Mercado de los Abastos in Oaxaca, Mexico
Bread seems like a pretty basic food, sort of an irreducible minimum on which one builds. But bread is actually quite complex, and it was not the first thing people did with cereal grains. For a big chunk of early human history, grains were simply parched on hot stones or pounded to a rough powder and boiled into gruel or paste. (In fact, in many regions, these food forms are still important, from the foofoo of West Africa to the tsampa of Tibet.) Scholars believe that the first time people realized they could put the paste on the hot stones, producing a simple flatbread, was likely the late Stone Age. And just as gruel and paste persist to the present day, so do classic, stone-cooked flatbreads, from Mexican tortillas to Scottish oatcakes to Chinese pancakes.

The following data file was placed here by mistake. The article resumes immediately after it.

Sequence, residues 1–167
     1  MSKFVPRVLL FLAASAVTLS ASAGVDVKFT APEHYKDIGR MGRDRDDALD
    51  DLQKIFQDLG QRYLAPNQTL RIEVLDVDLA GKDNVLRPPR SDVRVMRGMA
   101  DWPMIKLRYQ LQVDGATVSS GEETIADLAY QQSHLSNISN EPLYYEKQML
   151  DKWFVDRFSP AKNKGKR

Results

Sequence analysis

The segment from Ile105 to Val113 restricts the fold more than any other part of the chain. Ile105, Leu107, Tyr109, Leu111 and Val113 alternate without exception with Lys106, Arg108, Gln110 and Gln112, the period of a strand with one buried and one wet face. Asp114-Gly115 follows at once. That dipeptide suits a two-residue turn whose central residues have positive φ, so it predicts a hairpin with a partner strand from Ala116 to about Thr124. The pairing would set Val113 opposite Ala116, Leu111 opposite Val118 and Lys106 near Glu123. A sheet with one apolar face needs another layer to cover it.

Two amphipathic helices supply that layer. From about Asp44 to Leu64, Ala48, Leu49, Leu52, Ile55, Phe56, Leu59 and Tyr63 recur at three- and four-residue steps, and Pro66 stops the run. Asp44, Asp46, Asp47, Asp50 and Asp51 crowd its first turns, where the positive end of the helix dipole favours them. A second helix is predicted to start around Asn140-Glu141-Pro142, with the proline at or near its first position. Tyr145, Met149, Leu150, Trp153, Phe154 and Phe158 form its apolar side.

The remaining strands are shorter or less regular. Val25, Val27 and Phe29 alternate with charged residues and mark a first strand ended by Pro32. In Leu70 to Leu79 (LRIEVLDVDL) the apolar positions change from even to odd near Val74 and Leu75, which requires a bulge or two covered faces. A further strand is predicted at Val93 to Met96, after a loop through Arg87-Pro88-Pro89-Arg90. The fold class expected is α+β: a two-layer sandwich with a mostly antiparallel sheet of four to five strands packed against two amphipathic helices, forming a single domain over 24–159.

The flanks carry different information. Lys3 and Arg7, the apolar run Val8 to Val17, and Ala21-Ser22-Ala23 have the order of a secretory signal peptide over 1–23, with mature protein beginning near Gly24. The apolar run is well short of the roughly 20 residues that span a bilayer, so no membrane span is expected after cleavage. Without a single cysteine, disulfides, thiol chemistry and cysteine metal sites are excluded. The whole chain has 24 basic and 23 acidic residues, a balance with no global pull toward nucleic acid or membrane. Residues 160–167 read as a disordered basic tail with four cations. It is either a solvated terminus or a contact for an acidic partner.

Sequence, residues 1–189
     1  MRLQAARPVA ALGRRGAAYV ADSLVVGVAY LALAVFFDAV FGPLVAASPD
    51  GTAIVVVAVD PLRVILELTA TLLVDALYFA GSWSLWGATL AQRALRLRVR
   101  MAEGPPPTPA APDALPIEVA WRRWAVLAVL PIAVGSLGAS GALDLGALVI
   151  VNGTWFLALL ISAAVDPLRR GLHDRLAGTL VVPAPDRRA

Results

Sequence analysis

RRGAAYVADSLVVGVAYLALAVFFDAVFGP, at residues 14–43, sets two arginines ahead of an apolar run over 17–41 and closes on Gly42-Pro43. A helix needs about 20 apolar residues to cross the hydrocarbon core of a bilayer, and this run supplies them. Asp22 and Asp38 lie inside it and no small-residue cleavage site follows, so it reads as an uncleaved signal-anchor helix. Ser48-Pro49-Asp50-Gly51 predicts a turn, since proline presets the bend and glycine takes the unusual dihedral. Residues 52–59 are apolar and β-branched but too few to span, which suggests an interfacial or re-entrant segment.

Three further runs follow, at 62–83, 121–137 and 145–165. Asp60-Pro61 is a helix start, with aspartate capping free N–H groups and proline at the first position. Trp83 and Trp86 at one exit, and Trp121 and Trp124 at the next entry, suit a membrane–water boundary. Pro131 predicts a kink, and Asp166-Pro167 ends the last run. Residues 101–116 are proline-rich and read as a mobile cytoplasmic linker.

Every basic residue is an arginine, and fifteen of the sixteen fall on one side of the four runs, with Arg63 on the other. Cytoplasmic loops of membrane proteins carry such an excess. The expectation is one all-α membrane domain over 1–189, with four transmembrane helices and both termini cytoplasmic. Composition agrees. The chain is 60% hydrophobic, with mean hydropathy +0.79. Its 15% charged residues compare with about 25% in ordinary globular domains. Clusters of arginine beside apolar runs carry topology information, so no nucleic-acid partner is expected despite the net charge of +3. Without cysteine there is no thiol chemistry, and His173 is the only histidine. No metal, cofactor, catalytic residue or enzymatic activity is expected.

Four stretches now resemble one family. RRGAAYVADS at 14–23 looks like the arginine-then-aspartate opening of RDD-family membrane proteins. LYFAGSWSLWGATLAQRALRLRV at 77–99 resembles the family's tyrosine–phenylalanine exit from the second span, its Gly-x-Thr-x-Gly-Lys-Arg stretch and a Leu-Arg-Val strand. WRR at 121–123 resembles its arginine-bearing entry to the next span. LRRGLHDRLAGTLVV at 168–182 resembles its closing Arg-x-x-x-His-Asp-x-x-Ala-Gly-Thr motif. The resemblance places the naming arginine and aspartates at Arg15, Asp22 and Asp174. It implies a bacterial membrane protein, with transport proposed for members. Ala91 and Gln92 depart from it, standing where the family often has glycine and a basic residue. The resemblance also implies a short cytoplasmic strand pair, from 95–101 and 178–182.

It actually took several millennia and a bunch of technological advances to get the world to the place where bread as we know it was even a possibility. First, a variety of wheat had to be developed that could be easily husked. Wild wheat must be roasted to remove the husk, but heating wheat denatures the grain’s gluten-forming proteins. No gluten, no rising. The first settlements we know about arose in areas where wheat grew wild, so it seems that wheat first domesticated humans, and then, returning the favor, humans began to domesticate wheat. This jump likely occurred between 8000 and 7000 BC in the region that is now Anatolia, Iran, and Syria. It is not known exactly when that ideal, easy-hull wheat was bred, but it was likely among the first traits people tried to develop during the domestication process.